Ali soon told me that she knew of 2 other girls who had ovarian cancer around the same time period I did and if I wouldn't mind getting to know them. Anyone who knows me, knows I have super bad social anxiety, and so I had a mini panic attack that they wouldn't like me, but I figured it would be like most other chats where we would chat for the first day making weird small talk and then never talk again.
Helen, Kalina, Ali, and I messaged each other almost every single day from that day on. Sometimes about cancer stuff, and sometimes about stuff that had nothing to do with cancer. But we became what we called "the basic cancer girls." And let me tell you something... These girls have changed my life. They gave me an outlet that I so desperately needed. When it was 3 in the morning and my cancer meds had me puking, I always knew I could message my group and someone would respond. The joking, sassiness, and funny spin they were able to put on any situation that came up for me helped me change my mindset. Don't get me wrong, they also were great about acknowledging how sucky the situation is and would let me rant and yell, but by the end, no matter what, the conversations ended with me feeling happier.
I also want to say that these girls became/are my inspirations:
Kalina is now in remission but even while in chemo was running 4-6 miles a day, and now is running marathons and 50 plus mile races, which showed me that even when feeling sick and crappy, I could push through it and I can do hard things. Kalina also has the happiest aura around her and seriously just makes you happy when you are next to her.
Ali didn't let cancer stop her dreams, and although she is still in her battle, she lives in LA (but is originally from Wisconsin) and is pursuing her dream of being an actress and is doing amazing. She also has continued to reach out to other cancer patients and help them get a support group. Ali has taught me that cancer doesn't have to stop you from dreaming, and that you still can do the things you love. She's also taught me about the importance of reaching out to others, because without her I'm pretty sure I still would have 0 cancer friends my age.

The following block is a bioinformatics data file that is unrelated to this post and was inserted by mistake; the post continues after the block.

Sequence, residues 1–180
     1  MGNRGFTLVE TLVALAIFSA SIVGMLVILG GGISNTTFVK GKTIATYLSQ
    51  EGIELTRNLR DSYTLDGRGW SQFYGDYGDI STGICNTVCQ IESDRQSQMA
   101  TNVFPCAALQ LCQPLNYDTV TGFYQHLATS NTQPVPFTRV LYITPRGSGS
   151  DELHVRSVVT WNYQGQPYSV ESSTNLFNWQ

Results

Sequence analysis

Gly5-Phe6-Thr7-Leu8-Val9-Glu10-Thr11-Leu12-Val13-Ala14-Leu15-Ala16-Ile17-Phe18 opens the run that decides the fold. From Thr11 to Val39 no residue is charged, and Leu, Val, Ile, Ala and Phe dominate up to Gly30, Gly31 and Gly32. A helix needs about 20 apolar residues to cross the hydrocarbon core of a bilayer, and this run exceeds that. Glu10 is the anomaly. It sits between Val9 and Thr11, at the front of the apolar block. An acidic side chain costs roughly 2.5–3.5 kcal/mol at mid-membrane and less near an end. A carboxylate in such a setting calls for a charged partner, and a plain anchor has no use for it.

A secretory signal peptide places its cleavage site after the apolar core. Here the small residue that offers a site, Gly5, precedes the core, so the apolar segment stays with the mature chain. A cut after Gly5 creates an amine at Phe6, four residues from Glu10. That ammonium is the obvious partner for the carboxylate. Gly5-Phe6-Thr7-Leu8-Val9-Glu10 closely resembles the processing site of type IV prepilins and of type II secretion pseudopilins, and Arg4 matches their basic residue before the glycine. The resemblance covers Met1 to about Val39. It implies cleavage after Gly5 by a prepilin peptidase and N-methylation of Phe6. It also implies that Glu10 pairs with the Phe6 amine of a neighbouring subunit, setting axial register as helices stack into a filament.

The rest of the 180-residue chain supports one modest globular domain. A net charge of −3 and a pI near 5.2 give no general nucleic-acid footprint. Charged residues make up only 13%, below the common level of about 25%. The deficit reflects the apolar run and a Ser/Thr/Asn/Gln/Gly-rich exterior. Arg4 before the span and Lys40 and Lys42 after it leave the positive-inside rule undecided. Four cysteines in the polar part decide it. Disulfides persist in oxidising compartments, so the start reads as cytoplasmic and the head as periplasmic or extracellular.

Helen has lived life to the fullest and is super spunky and sassy. Every time I was down she could give me a "screw that" and come up with 10 ways to have a better time. She nannies and has helped raise this adorable boy, and has shown me that I don't have to let cancer take away my "spunk" as she is seriously the most fun person I've ever met.
Eventually, towards the end of November, I decided to make my cancer journey public, which was terrifying and liberating at the same time.
And if you fast forward to May, I finally got to meet my basic cancer girls and spend a lovely weekend with them in Denver and get even closer to them then I am now.
So that was the birth of the basic cancer girls...


I'm sure I'll be writing more about different things that happened in my journey, but this was the first concrete post I could come up with. :)